Inside diabetes – what it does and how it happens
Learn more about what's really going on in your body when you have Type 2 diabetes
Type 2 diabetes can have a negative effect on several aspects of your health. But just like lots of things about Type 2 diabetes, the good news is that there is something you can do about it. A healthier lifestyle can help you in lots of ways at once: you’re really doing yourself a massive favour to do a bit of exercise and cut down on unhealthy habits, because it will not only help to get you fitter and slimmer (if you need to get fitter and slimmer), but is also doing a lot of work behind the scenes to keep your whole body functioning well, for years to come.
If you have Type 2 diabetes you’re more likely to develop heart disease or have a stroke than someone without diabetes. This is because if you have Type 2 diabetes you are more likely to have some of the risk factors for heart disease and stroke. The risk factors (things that increase your chances) include:
Getting your blood glucose to a healthy level is key to staying healthy. Read more about how to do that in our article Getting Blood Glucose Down
Make sure you have regular check-ups with a healthcare professional to keep an eye on your blood pressure, cholesterol and weight. In addition:
Blood pressure can be lowered in a number of ways:
Cholesterol levels can be reduced by:
Find out if you’re in a healthy weight range with the NHS weight calculator
Ideally, you’ll have a BMI between 20-25. You can try to lose weight by:
If you do smoke, it is very important that you stop. There is plenty of help available to help you stop smoking, and your healthcare team will be available to help find what is best for you. If you have a family member or a close friend who can also help you to keep on top of your habits don’t be afraid to ask them for support, as this will help to keep you motivated and on target. Smoking when you have Type 2 diabetes can also increase your chances of having problems with your feet.
Take up the challenge of making one small change into a new healthy habit – for life. You can choose your own goals and track your achievements. The app is free and easy to use, and available on iOS and Android now.
Foot problems are common for people with Type 2 diabetes. Three out of ten people with diabetes develop foot ulcers. They are the most common reason for people with Type 2 diabetes to be admitted to hospital.
Foot ulcers usually develop from just a small injury to the foot and can take a long time to heal. They can also become infected, making healing more difficult. In rare cases, an ulcer can lead to serious problems like gangrene, which can even result in needing drastic surgery.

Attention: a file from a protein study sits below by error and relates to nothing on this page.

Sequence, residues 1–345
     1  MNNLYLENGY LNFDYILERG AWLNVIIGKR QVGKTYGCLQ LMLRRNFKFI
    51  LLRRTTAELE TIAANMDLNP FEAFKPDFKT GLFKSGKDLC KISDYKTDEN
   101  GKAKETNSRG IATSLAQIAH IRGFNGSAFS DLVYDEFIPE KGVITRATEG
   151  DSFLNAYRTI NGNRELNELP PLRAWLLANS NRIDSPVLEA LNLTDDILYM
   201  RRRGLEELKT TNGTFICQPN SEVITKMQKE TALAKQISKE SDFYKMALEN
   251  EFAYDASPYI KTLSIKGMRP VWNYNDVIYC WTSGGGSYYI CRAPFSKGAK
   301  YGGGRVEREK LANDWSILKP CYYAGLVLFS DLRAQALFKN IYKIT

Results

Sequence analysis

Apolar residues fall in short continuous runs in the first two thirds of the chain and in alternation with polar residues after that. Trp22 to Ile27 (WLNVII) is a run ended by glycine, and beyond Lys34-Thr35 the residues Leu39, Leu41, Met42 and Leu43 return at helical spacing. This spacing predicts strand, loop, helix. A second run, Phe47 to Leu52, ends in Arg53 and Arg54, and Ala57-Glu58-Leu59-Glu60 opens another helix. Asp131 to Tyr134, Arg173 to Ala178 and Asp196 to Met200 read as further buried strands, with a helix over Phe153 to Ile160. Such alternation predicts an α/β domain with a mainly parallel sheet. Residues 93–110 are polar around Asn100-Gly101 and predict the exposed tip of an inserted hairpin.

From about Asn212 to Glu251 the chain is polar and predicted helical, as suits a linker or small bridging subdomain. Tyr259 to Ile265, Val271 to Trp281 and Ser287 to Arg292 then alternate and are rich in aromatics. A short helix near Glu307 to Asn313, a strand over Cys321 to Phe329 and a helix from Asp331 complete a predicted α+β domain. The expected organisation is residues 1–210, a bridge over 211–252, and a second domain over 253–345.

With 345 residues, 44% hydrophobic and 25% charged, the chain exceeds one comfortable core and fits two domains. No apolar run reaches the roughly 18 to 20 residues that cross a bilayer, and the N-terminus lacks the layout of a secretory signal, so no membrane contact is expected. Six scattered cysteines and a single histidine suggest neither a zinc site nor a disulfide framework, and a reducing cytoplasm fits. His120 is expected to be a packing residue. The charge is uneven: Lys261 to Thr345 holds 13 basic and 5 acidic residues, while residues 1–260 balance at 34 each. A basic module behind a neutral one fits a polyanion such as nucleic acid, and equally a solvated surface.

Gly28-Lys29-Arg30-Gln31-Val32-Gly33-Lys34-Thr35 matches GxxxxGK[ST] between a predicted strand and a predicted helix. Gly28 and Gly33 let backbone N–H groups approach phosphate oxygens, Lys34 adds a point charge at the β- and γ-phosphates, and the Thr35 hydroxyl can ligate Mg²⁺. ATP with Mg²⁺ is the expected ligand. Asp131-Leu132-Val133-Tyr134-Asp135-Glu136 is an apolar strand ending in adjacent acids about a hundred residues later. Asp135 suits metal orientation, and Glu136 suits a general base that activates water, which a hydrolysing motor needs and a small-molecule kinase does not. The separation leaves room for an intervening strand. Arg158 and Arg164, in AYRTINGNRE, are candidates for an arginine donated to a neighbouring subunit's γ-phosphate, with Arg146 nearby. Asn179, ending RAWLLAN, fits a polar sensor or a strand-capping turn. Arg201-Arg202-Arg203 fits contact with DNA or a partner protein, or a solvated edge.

Having higher than normal blood glucose levels can, over time, cause damage to nerves. Nerve damage can reduce the feeling in your feet. Shoes can rub or cut into your feet without you realising, you may not feel hot water, or even a burn.
Raised glucose levels can also damage the small blood vessels in your body, which can reduce the blood supply to your feet. This can, in turn, result in your feet receiving less oxygen and other nutrients. Your skin can become frail, and more prone to injury. Once you get a cut or injury it takes longer than usual to heal.
The good news is that if you check your feet daily, you might catch problems early, and early intervention can help to avoid problems from developing. Remember to tell your doctor or diabetes nurse about any changes or loss of sensation in your feet as soon as possible. You should also get at least one foot check per year with a healthcare professional.
1. The body loses fluid. Some of the fluid is lost from the skin, which causes the skin to dry out. This can lead to other problems because:
2. You may be less able to resist infections and the time for your body to respond and heal will be slower. This can increase the risk of skin infections, boils, and spots, which may take a long time to heal
3. The nerves in your legs and feet may become damaged, which can be painful. You may also not be able to feel pain, heat, or cold in those areas – this is called diabetic neuropathy. Type 2 diabetes may cause the blood vessels in your feet and legs to narrow, and harden, resulting in poor blood circulation.
If you think you may have a skin problem, make an appointment to visit your doctor. If it’s a problem with the skin on your feet, make an appointment to visit your podiatrist.